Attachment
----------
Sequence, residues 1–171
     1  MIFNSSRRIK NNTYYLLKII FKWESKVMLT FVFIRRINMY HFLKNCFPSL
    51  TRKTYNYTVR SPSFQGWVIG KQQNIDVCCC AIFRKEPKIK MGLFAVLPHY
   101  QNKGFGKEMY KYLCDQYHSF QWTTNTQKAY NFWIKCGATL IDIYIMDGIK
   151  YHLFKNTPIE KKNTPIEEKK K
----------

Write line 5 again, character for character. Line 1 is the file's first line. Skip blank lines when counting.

   151  YHLFKNTPIE KKNTPIEEKK K